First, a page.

The UBC School of Library, Archival and Information Studies Student Journal
2015 - Spring
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An Exploration of Archival Finding Aids Technologies and NoSQL Databases
Stephanie Fan - firstname.lastname@example.org
Stephanie is currently finishing her Master of Library and Information Science degree at the University of British Columbia. She is interested in information technologies and data.
Keywords: archival studies; information studies; NoSQL; MongoDB; finding aids; schema design; formats
While NoSQL databases, specifically document databases such as MongoDB, are not the answer for the majority of storage use cases, technical contributors to the major finding aids information systems should consider these new technologies. The conjunction of archival finding aids technologies and these new data stores has not yet been explored before given the highly siloed nature of the library, archival, and information sciences (LAIS) field and limited development resources that focus on this area. However, there are many similarities between the problems that LAIS system administrators face maintaining descriptive documents and the reasons for why this new class of non-relational databases was developed.
Since the 1970s, relational databases and their associated enterprise management systems have been the dominant players in the market. Hierarchical and object-oriented databases have been commercially available but never saw the widespread popularity that systems such as Oracle, MySQL, or MS SQL Server experienced (solid IT, 2015).Yet in recent years, much buzz has been attributed to the “NoSQL” data stores that were developed to address the issues identified through the emerging Web 2.0 data landscape – namely, the need for storage solutions to support higher availability and greater scalability. As a point of clarification, the class of NoSQL databases typically refers to the non-relational storage of the data rather than the lack of the SQL query language. However, this muddling terminology eventually led Atzeni et al. to clarify that, “[t]he debate on SQL vs. NoSQL is as much a debate on SQL, the language, as on the relational model and its various implementations” (Atzeni et al., 2013, p. 65).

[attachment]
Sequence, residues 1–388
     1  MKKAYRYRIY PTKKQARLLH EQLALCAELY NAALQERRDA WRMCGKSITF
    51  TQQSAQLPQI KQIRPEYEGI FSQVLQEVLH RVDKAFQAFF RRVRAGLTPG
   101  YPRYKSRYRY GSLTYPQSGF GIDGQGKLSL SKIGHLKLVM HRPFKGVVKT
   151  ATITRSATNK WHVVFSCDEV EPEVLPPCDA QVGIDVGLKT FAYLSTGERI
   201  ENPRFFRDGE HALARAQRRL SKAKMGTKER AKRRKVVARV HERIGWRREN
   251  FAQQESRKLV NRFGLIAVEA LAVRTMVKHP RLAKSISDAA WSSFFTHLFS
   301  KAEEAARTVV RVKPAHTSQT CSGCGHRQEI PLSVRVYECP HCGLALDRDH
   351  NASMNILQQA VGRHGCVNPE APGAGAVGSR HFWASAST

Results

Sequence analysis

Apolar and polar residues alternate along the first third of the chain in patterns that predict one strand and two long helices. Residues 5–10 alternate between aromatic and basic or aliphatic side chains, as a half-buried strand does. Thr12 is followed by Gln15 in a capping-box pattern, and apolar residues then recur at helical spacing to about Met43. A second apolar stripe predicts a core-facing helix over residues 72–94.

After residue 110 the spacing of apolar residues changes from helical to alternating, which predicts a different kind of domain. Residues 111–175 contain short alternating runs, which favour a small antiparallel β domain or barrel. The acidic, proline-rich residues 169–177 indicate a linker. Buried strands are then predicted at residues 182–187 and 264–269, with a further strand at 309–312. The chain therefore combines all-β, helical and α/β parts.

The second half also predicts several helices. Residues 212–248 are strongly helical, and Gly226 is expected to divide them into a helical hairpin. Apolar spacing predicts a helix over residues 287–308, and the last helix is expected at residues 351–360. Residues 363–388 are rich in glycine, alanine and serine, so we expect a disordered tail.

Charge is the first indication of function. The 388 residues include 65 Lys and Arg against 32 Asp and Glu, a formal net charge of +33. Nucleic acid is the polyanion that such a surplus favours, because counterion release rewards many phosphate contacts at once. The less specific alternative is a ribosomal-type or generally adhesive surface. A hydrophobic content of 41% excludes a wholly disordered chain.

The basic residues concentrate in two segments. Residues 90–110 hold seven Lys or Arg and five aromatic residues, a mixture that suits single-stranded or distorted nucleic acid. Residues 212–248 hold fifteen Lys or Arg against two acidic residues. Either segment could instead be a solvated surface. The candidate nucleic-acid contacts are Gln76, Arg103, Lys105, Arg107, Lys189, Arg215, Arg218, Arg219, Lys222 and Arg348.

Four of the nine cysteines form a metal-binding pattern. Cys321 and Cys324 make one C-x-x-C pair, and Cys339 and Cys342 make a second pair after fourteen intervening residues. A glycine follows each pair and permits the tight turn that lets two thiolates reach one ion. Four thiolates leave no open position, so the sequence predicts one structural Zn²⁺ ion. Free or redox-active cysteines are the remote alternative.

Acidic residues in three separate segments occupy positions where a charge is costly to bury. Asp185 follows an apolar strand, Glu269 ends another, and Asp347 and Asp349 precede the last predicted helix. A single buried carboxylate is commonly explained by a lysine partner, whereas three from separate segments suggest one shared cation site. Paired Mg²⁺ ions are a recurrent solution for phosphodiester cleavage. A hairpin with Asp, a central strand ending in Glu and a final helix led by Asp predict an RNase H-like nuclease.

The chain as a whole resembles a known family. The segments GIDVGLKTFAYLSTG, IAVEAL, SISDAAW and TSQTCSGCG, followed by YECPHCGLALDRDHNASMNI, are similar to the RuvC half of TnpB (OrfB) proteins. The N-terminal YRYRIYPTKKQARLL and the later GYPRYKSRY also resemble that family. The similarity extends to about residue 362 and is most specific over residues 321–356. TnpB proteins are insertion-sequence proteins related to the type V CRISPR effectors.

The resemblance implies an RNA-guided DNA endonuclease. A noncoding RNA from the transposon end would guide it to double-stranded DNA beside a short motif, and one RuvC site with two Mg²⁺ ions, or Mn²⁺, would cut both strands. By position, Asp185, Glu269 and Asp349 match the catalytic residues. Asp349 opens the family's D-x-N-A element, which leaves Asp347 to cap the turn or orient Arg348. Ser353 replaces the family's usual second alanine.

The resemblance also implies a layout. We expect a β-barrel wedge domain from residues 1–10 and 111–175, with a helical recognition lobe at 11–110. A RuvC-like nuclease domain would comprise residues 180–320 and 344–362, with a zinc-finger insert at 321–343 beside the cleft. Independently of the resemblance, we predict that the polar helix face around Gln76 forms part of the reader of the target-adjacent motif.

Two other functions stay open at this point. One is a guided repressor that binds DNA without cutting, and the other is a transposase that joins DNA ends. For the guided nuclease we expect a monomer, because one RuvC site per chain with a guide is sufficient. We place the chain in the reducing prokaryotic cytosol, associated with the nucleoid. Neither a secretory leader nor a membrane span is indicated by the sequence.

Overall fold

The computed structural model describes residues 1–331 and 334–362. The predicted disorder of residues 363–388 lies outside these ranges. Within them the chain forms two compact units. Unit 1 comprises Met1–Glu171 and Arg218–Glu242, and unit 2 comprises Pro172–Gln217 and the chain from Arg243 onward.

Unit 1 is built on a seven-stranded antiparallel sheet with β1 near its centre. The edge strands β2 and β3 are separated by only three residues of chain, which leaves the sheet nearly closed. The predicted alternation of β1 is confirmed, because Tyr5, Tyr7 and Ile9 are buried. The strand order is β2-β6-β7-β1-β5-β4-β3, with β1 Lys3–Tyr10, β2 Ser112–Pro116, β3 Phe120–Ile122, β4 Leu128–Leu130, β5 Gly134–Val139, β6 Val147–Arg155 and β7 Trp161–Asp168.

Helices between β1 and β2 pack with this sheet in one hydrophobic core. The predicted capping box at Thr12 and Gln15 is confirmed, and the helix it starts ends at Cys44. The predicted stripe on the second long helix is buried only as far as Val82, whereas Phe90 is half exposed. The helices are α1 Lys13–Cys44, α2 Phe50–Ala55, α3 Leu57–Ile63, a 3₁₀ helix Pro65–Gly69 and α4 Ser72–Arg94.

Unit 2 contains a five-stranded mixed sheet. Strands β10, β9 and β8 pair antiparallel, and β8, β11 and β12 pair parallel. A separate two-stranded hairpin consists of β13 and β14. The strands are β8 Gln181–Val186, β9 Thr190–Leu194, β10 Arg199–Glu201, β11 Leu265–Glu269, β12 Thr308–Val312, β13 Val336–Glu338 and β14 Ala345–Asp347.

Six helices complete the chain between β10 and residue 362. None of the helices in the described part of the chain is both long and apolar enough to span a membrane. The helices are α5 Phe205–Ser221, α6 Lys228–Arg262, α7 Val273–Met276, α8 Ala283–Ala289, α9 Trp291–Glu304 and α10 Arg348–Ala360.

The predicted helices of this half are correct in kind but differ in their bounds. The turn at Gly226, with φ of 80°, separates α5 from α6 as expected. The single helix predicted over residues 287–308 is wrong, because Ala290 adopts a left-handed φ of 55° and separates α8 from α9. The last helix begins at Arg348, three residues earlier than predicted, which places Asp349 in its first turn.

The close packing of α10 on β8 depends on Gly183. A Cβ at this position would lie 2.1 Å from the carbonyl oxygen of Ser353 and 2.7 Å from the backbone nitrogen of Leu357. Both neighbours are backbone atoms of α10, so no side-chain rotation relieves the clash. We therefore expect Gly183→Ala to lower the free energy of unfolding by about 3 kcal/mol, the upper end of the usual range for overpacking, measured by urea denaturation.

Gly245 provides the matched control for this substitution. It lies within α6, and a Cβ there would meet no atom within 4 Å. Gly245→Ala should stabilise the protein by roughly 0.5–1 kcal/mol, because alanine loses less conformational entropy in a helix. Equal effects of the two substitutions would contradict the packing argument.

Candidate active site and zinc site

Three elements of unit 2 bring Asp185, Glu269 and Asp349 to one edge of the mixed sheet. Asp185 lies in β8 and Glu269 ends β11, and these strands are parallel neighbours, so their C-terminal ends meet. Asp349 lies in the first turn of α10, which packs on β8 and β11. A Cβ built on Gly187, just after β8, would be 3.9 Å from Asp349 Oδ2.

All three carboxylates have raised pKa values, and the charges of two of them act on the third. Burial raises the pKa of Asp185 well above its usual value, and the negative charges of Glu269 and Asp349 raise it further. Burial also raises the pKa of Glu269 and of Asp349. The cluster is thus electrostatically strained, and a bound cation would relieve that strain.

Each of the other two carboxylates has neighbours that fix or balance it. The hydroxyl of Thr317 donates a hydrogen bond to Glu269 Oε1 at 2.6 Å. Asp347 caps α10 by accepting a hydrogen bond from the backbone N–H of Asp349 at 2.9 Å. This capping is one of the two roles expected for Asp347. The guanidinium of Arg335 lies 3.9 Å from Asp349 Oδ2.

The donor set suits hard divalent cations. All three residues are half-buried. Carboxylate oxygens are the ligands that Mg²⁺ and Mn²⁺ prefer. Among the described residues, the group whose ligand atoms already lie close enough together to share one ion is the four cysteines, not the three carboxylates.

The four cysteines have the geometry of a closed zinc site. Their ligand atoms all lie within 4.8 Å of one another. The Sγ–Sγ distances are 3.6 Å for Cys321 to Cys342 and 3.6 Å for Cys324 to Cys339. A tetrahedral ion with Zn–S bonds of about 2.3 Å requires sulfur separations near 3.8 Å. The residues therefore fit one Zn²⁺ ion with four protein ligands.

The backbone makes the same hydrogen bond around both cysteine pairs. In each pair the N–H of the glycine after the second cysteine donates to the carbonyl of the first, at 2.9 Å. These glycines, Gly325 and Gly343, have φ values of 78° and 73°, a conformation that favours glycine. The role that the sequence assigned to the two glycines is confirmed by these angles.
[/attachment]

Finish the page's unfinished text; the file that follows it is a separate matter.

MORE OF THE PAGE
Finding aids are documents that provide descriptions and details about a collection from the most general level to the specific item level. These were created to provide archivists information regarding which items are in the collection and locations where the collection is stored.
Two content standards define the list of required or optional elements and rules for description: the General International Standard Archival Description (ISAD(G)), used internationally (International Council on Archives & Committee on Descriptive Standards, 1999), and Rules for Archival Description (RAD), used and maintained by Canadian archivists (Canadian Committee on Archival Description, 2008). In both standards, decisions were made to support flexibility in the rules so that the pre-existing range of formatting and descriptions across organizations could be more easily accommodated.
The same year that Carl Strozzi coined the term NoSQL, the Encoded Archival Description Document Type Definition (EAD DTD) Version 1.0 was released in August 1998 to provide an encoding standard for machine-readable finding aids. This was to support and extend the existing machine-readable cataloguing (MARC) records in use by libraries and archives. An interesting and forward-thinking decision at the time of EAD DTD development, the project directors chose to make Version 1.0 compliant with the emerging Extensible Markup Language (XML) as there was potential for these digitally encoded finding aids to be natively displayable by the popular Web browsers of the time (Library of Congress, 2013).
Following the development of a machine-readable standard, library, archival, and information sciences (LAIS) adoption and subsequent development of related description standards began to occur. The EAD implementation process has been well-documented (Combs, Matienzo, Proffitt, & Spiro, 2010; Higgins, 1998; Yaco, 2008); however, there has been very little focus on end-to-end architecture and schema design for this area outside of available software selection and software testing. As Mitchell (2013) argued, “there is still a pressing need for a continued fundamental restructuring of the metadata models and records that serve as the foundation for these systems.”